Alan Vega, who passed away July 16 at age 78, was deeply in touch with the darkness at the heart of our most euphoric music.
Alan Vega was not a rock star, he was the shadow behind every rock star, a brutal, bone-cutting burlesque of the rock star’s desire, the entire animal reduced to stuttering incoherence and a few words about lust, love and violence.
The man born Boruch Alan Bermowitz refused to be blinded by the happy light of the frontman’s sexdream; his cold, caged stare, prisoner flails, and bubbling, hissing, pleading voice, were kindling for the eternal flame he guarded of rock’s dark roots, its stories of despair, even as he fronted one of the more progressive and adventurous bands of our time.
Alan Vega wasn’t just one of our greatest rock singers; a century of rock and its brutal and beautiful antecedents lived inside of him.
For the last 45 years, he reminded us that behind the happy distraction of rock ’n’ roll was the howl of the frightened, the hungry, the desperate. Rock ’n’ roll was their sound, their voice—even before it was called rock ’n’ roll, rock ’n’ roll was the ecstatic messenger of the politically, economically and emotionally disenfranchised. Alan Vega understood this.
Alan Vega’s rock ’n’ roll was not a route to Pink Cadillacs; it was a path to survival.
Alan Vega was Jim Morrison caught with a bloody knife in one hand, Elvis’ Sun Sessions in the other, and no alibi. Vega cut to the core of the American nightmare at the heart of rock ’n’ roll: the best of our music exists because something went very, very wrong, wrong with our history and our hearts. We are a damaged culture, we are damaged souls, so this is our sound.
“Frankie Teardrop,” one of the greatest American songs of all time, functions like that: it is the story of the natural fantasy at the end of joblessness, the last nightmare when the dream is gone.
There is a lonely, hungry sound made by the greatest American artists; it reflects both the lightless tenement and the dry dirt-patch in an Appalachian hollow; it sings of the sorrows to be found both in loveless Parchman prison and on the street of an ashy city where puddles reflect Terminal Bar neons.
Our greatest singers, singers who predate rock ’n’ roll and transcend genre, manifest this: Sid Hemphill, Fred Neil, Amede Ardoin, these are saints stalked by hunger, fear, and death, and their melodies remain as old as the heart and as fresh as the landlord’s frown.
If all of punk rock had been as shocking, as beautiful, as advanced, as naked as Alan Vega’s work with Suicide, it could have lived up to its promise.
Alan Vega was one-half of the churning, whirring, maxim-minimalist future/past frightwig godband known as Suicide. Suicide’s music was shimmering, vibrating, anxious, the noise of angels being eaten by the machine age.
In its manic, circular hum and tic, it was the sound of crazies sleeping on the subway and lonely, spit-dripping men in uptown SROs; it was the sound of aging men and women living in the 20th century but still sleeping in old slave shacks on South Carolina farms, it was even the sound of West German children trying to rebuild the future with electronic music. Behind the keyboards, Martin Rev conjured the sound of death at Christmastime, his machines spitting out TB coughs in the delivery room at the birth of the computer age.
This vastly original noisescape was complimented by Vega’s extraordinary, angry, deeply terrified posture. He sang as if he was caught between the hum of beautiful love and the self-hate of angry lust. He sang of American dreamers drowning in death, debt and the pursuit of the dreams that drove them to both. He sang like a man unable to distinguish between death and love, between relief and eternity.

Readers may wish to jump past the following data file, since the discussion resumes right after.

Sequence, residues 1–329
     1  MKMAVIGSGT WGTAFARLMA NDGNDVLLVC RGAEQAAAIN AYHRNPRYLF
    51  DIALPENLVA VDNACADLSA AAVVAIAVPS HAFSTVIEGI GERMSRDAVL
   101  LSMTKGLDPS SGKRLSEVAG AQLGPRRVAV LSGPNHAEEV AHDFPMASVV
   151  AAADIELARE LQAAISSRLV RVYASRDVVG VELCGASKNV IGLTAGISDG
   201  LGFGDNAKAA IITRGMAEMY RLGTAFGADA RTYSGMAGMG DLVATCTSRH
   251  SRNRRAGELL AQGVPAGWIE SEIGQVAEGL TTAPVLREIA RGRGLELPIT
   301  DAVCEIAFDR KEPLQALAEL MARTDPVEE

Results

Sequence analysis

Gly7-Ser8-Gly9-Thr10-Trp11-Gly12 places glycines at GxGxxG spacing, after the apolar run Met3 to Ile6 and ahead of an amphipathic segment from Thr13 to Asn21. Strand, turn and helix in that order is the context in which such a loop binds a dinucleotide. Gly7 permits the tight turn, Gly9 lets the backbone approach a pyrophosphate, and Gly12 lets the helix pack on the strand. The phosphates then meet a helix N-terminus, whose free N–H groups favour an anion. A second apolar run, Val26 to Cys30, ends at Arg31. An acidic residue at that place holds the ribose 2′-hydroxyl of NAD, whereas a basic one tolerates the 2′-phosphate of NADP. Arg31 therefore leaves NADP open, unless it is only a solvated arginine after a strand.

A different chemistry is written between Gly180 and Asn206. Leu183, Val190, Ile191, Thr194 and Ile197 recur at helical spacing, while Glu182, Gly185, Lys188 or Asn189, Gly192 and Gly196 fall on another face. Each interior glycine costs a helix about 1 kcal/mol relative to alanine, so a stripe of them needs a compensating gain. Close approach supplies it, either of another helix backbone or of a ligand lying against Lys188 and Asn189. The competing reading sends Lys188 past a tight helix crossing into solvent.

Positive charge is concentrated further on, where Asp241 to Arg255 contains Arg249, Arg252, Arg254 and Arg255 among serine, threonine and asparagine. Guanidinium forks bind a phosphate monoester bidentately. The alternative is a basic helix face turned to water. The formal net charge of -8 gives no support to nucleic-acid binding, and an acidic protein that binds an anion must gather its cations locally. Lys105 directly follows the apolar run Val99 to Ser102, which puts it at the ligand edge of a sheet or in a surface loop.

The sound of Suicide married the junkie red and gray of “Sister Ray” and the hiccupping velvet tremble of the purest rockahillbilly via means so modern that they virtually defy classification.
In the last 45 years, it’s possible that only the Ramones and Neu! were so shatteringly original yet so vastly compelling. Suicide made music that was beyond blues, beneath the blues, yet I would not say it was beyond rock ’n’ roll; in fact, it was the most severe and affecting gut-scoops from the world of Sam Phillips and Alan Lomax, only Suicide evoked this spirit with an incredibly original, hot-wired modernism that escapes any reference (other than to say it alluded to the speed-freak raga hum of Terry Riley, the rudeness of grave rockabilly, and beat hysteria of Joe Meek).
Vega matched this sound with one of the greatest live performance personas in our history.
He was confrontational and disturbing in a way Iggy, Johnny Rotten, or Nick Cave never could be, because Vega knew that to tell the American story, he had to stand unprotected, he had to not just receive the abuse but pre-empt it with self abuse; there was no greater way to announce that rock music was so much more than the alcohol-fed soundtrack to a Sweet 16.
Vega channeled the feral acrobatics of rock ’n’ roll’s most frantic frontmen—doomed and sinewy geniuses like Gene Vincent and Vince Taylor—into clawing, psychotronic shadowboxing that laid bare all the paranoia and anger at the roots of the rock ’n’ roll star’s psychodrama.
If all of punk rock had been as shocking, as beautiful, as advanced, as naked as Suicide, it could have lived up to its promise, and not just been a fashionable revamping of the Troggs.
Suicide provided an idealistic, and deeply over optimistic picture of what punk rock would become. Their new music was truly new, it was an entirely new vocabulary to sing about America’s old stories of death, deprivation lust and fear (and macho collapsing in the face of it all).
Instead, punk rock, with very, very few exceptions, just became a childish revisit to Ronson dreams and downsized-Roxy glamor, when it should have been this, the revolting, hypnotic, bluesbilly electric eel of Suicide.